When we gathered in a Vermont farmhouse earlier this fall for one of our latest photoshoots, we were thrilled to welcome chef Julia Clancy into the fold. Julia arrived with armfuls of the most beautiful Vermont fall produce, an infectious love of food, and a truly joyful, generous approach to cooking and eating.
Julia grew up loving food and cooking, and after college, she headed to Cork, Ireland, to attend the intensive cooking school headed by chef Darina Allen. There, Julia spent twelve-hour days in the kitchen — mastering tarts, planning menus, preserving food, roasting the perfect chicken, and more.
Next she headed for San Francisco, where Julia interned at Chez Panisse and then landed a job at Zuni Cafe. When life brought her to Vermont, she started writing her own menus for pop-ups at a local farm, writing about food and drink for our local alternative weekly, and then working in the test kitchen at EatingWell magazine.
We caught up with Julia this month to talk about food and her tips for everything from low-waste cooking to feeding a crowd.
On her menu for our Bee’s Wrap feast
When Julia developed her menu for our Bee’s Wrap shoot, she took into consideration a few elements. First, a sense of place — her food is always driven by where she is, and what ingredients are fresh, vibrant and colorful. The spread she whipped up was as beautiful as it was tasty, including (but not limited to!) a pressed picnic sandwich, smoky red beet yogurt spread, a “halvsies” salad with an herby vinaigrette, and a gorgeous citrus rye tart with mascarpone cream.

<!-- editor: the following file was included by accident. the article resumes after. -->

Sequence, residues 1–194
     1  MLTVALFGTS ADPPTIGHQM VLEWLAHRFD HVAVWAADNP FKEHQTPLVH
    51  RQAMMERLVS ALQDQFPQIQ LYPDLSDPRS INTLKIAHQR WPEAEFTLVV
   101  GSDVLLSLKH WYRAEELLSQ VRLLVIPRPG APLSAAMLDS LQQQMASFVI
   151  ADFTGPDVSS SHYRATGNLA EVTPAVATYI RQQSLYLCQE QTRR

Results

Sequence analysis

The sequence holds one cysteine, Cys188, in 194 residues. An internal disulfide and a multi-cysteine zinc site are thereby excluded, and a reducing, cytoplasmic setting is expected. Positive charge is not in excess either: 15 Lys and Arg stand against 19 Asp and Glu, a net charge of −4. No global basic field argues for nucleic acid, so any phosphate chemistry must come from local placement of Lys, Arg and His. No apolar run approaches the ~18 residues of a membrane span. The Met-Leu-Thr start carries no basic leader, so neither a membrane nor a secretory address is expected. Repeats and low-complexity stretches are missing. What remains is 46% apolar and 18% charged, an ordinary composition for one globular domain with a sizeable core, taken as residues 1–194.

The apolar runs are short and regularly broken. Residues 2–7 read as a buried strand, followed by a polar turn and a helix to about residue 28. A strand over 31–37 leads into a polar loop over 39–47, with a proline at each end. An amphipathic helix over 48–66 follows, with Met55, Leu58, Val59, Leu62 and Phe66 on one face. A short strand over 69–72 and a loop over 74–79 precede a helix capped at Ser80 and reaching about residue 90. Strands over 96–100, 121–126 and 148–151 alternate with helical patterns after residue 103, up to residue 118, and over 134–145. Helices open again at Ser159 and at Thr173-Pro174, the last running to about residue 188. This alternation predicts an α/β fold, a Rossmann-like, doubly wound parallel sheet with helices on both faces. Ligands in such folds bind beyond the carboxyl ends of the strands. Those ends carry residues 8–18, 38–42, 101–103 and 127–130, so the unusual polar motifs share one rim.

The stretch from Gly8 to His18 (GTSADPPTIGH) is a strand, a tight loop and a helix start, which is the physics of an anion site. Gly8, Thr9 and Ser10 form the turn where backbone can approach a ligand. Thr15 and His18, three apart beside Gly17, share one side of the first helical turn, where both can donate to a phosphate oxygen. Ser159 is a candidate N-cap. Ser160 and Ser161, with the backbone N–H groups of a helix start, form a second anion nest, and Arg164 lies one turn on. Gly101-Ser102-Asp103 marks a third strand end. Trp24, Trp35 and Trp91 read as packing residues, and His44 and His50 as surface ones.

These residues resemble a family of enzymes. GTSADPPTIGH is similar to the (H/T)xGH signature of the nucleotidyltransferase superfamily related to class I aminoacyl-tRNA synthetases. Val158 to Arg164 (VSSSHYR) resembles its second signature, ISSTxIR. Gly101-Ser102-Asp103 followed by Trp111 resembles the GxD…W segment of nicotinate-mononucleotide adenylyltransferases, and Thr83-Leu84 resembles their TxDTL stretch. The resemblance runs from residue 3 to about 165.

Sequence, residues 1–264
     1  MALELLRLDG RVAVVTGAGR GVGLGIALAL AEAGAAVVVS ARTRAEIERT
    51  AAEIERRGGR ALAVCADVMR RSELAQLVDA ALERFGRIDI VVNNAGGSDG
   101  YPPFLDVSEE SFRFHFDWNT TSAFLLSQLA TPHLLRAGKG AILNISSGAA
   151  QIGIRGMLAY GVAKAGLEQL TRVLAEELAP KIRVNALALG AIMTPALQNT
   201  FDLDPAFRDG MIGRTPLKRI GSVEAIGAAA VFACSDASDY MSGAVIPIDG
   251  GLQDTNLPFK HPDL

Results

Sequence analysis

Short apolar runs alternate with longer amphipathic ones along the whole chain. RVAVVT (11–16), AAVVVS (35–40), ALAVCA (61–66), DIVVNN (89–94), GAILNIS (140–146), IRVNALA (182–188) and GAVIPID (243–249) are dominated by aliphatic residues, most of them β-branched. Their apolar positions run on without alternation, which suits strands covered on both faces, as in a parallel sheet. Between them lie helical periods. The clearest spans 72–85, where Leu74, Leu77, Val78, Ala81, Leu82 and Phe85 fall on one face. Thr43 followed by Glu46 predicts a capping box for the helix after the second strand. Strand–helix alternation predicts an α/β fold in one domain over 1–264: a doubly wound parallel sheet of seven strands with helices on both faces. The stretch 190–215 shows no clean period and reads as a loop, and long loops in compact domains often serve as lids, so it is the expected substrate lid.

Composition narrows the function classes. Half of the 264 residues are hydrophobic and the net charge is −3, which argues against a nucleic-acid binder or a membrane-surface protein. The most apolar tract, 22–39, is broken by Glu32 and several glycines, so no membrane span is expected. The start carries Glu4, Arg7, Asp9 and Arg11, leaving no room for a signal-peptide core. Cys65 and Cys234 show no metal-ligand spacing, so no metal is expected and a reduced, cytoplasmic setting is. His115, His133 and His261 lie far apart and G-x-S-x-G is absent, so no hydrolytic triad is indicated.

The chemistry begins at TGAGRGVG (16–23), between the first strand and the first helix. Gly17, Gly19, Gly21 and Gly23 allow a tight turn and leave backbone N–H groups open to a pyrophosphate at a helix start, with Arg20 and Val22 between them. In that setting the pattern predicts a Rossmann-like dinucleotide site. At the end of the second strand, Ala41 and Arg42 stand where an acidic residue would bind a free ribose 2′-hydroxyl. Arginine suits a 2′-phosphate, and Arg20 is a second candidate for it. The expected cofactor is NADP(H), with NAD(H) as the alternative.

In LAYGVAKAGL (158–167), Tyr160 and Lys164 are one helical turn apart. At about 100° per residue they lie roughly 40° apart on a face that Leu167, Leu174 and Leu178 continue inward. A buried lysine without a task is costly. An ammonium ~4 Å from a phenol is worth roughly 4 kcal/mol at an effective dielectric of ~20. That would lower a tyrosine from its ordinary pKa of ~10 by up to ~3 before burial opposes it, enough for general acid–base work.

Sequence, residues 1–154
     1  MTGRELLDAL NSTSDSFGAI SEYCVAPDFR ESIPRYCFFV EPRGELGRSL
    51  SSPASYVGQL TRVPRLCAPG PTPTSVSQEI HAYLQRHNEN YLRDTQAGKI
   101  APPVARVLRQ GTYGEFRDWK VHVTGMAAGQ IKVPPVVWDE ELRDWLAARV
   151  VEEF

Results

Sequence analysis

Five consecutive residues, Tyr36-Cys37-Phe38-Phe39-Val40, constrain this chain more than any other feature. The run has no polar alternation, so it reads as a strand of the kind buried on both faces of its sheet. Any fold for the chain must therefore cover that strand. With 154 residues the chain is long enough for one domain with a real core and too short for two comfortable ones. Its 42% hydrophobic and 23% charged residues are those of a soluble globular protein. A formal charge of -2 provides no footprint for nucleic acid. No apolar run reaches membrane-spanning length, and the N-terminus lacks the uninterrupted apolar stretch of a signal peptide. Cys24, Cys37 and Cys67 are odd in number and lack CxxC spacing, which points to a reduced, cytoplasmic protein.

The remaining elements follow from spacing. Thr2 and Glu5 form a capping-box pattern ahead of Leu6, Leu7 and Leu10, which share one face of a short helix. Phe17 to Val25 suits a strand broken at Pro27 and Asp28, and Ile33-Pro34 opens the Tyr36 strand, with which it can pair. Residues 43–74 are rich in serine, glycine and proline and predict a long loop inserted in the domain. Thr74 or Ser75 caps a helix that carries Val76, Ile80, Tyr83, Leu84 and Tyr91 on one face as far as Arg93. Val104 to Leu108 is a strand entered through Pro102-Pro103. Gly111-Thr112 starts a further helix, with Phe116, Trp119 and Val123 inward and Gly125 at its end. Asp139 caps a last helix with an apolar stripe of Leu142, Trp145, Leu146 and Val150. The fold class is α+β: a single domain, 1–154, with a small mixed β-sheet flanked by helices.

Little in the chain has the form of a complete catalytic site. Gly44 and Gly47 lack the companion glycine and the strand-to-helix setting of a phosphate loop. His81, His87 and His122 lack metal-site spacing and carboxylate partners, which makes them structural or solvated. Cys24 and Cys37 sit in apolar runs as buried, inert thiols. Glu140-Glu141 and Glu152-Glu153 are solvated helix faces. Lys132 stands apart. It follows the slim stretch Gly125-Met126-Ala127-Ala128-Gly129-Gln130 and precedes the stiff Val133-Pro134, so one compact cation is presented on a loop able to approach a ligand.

Julia says she’s inspired in her cooking to find a balance of richness and freshness — something warming and zippy, with the right play of acids and fresh herbs. She loves to cook family-style meals.
“I want to make food that is beautiful and seasonal and compelling,” said Julia — but not so beautiful as to be untouchable. “I want you to put your elbows on the table, bring your appetite, and go to town.”
On reducing waste in the kitchen
“Understanding how to be a good cook is understanding how to be an efficient cook,” Julia said. Reducing waste as a chef just makes sense: it’s good for the environment, and it’s also good for the bottom line. “If you’re throwing out half of your ingredient into your compost or your trash can, you’re losing a lot of money as a cook.”
Julia’s training and professional experience has centered on kitchens where zero- or low-waste cooking is the norm, and when she moved to Vermont, she found that ethic shared by food-lovers and farmers.
“What the home cook can learn from people who cook professionally is how to use more of the ingredient,” she said. That means using the tops of radishes and carrots in a way that’s actually delicious. Julia gushes about broccoli stems — her favorite part of the vegetable. “Peel it like you would a carrot, slice it, and it’s a gold mine.”
Save potato skins to make chips. Use apple skins to make vinegar. And if that’s a little “eager mcbeaver,” as Julia put it, start with using the freezer to cut down on waste. She freezes herb stems from basil, cilantro, and parsley, then stuffs them in the cavity of a chicken or under a fillet of fish. She freezes the rinds from her parmesan cheese to chuck into soups, and vegetable peels to simmer into future stocks.